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Asian women come out swinging.

San Francisco

Forty protesters pace in front of the Jessica McClintock boutique in downtown San Francisco. A dozen are Asian immigrant women who have not been paid for sewing the gowns hanging in the store's window. They are easy to spot: The women wear baseball caps and big sunglasses to hide from two photographers who are documenting the women's activities at the request of their new employers.

The women garment workers are out more than $15,000 in back wages from their bankrupt employer, Lucky Sewing Company, which subcontracted with McClintock. They are appealing to the larger company to pay them. So far, McClintock has refused.

Executive director of the Oakland-based Asian Immigrant Women Advocates (AIWA) Young Shin has organized a nationwide boycott of Jessica McClintock's dresses.

Shin believes McClintock and other dress manufacturers should take responsibility for the sweatshop conditions of the garment industry. Last year, the Federal Government concurred, issuing a law to block shipment of "hot goods" -- garments sewn in shops that violate labor laws.

For Shin, the McClintock demonstration represents much more than an effort to recover lost wages, or even an attempt to reform the $6.5 billion Bay Area garment industry. It marks a significant step in organizing Asian immigrant women who have traditionally resisted such efforts for cultural reasons.

According to Shin, Korean immigrants are reluctant to come near anything associated with the words "union" or "labor."

"In Korea, unions have traditionally been viewed as communist organizations," says Shin. Likewise, Chinese immigrant women refuse to attend meetings, viewing them as an extension of the Communist Party. As a result, when Asian Immigrant Women Advocates started up in 1983, it looked as if its efforts were going to fail.

But AIWA found that Asian women desperately wanted to learn English. So it began offering workplace literacy classes; they taught English by teaching the women their rights at work. After learning the word "toxic" in a recent class held for Silicon Valley electronic workers, one student became alarmed because her desk was next to a barrel labeled TOXIC. "She'd worked there for two years and didn't know she was sitting next to toxic materials," says Shin.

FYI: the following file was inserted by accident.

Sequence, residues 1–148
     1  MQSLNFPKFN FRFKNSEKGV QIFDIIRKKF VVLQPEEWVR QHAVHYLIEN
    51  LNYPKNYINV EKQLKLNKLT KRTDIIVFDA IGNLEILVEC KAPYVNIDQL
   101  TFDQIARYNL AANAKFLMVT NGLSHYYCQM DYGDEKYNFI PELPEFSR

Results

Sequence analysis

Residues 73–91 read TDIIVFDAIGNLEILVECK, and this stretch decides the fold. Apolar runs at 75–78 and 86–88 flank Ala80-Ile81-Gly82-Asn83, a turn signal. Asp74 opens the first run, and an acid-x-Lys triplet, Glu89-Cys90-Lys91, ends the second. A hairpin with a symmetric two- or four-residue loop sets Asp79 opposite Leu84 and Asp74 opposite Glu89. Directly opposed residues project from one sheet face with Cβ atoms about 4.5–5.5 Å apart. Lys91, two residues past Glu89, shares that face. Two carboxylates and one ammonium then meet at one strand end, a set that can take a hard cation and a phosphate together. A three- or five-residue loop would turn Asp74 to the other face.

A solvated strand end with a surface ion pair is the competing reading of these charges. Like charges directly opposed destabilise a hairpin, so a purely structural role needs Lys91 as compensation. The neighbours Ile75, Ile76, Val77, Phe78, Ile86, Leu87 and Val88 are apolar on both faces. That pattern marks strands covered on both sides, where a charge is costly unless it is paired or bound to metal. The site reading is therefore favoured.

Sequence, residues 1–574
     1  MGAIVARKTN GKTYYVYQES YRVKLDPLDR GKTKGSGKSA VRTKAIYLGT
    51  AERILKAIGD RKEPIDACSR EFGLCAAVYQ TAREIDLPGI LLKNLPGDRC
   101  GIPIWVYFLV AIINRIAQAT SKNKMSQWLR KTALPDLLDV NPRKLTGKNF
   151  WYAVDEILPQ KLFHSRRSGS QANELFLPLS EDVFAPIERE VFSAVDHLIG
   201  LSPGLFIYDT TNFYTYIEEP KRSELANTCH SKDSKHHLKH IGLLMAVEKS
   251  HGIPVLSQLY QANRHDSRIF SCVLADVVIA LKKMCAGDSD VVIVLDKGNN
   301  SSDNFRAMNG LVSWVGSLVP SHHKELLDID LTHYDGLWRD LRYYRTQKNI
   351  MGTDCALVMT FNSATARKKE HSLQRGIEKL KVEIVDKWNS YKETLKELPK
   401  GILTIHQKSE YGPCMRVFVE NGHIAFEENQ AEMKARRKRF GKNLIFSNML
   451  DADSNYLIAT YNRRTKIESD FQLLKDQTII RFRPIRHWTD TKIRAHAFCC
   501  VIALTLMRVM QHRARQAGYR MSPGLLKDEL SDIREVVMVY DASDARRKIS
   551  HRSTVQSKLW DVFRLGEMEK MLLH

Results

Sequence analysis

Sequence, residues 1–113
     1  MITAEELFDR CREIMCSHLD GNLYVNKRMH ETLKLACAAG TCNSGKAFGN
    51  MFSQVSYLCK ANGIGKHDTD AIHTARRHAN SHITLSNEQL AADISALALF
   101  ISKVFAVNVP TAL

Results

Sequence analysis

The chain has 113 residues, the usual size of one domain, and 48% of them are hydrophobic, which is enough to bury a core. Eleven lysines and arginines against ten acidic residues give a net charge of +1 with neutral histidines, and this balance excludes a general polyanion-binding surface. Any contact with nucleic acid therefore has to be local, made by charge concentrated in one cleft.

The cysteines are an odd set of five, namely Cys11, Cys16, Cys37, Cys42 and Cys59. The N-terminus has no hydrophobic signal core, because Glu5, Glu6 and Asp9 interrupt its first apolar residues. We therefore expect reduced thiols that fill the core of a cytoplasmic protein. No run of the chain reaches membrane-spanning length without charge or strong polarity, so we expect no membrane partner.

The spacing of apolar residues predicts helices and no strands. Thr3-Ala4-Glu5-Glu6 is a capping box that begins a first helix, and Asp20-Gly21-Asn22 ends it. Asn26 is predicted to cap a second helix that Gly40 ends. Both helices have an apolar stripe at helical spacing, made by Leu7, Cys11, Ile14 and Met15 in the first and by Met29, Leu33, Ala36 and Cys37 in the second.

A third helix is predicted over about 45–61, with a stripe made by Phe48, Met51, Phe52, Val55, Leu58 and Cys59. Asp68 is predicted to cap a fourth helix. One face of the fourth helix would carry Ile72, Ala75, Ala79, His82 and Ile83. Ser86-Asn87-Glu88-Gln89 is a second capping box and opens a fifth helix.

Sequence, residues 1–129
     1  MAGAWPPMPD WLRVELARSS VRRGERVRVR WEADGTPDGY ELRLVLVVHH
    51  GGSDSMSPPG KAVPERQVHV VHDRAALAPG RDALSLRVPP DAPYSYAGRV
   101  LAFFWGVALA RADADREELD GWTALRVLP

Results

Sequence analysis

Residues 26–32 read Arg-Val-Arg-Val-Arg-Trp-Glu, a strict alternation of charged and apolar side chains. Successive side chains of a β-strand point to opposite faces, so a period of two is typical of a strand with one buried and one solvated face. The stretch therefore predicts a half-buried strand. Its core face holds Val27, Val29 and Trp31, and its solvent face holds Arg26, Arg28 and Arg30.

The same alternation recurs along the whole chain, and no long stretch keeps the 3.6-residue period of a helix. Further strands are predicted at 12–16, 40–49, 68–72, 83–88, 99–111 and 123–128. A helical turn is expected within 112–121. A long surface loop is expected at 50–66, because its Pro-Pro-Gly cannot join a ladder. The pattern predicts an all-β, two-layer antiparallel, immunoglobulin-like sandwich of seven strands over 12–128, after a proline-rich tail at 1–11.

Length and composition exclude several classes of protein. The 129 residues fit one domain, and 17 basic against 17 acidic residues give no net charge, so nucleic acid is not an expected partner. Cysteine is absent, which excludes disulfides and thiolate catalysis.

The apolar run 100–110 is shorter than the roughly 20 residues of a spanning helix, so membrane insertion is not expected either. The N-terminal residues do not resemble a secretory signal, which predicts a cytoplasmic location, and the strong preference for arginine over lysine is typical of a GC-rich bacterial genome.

Although AIWA has been successful in educating Asian immigrant women about their rights, it has been harder to prompt the women to act on those rights. For example, the electronics worker has yet to ask her employer about the toxics next to her desk.

Most of the immigrants come from countries where protests often end in deadly battles with the police. Shin herself, arriving from Korea in 1975, was reluctant to attend her first demonstration for fear of being beaten.

Most of the women work two jobs, leaving little time or energy to protest. And although the women will turn out in the hundreds to demonstrate for their children's right to be immunized, they are trained to believe that they themselves have no needs or rights and that to ask for them is selfish. Finally, there is the danger of being blacklisted in the garment industry.

Although it's difficult to gauge the impact of the boycott on McClintock's business, it's not hard to see that the Asian women are beginning to stand up for their rights. AIWA has managed to coordinate protests in ten cities.

As one woman said from behind her sunglasses and baseball cap, through an interpreter, "We are not asking for a revolution. We are only asking to be treated fairly."
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Copyright 1993, Gale Group. All rights reserved. Gale Group is a Thomson Corporation Company.

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Title Annotation:Asian Immigrant Women Advocates
Author:Schuyler, Nina
Publication:The Progressive
Date:May 1, 1993
Words:575
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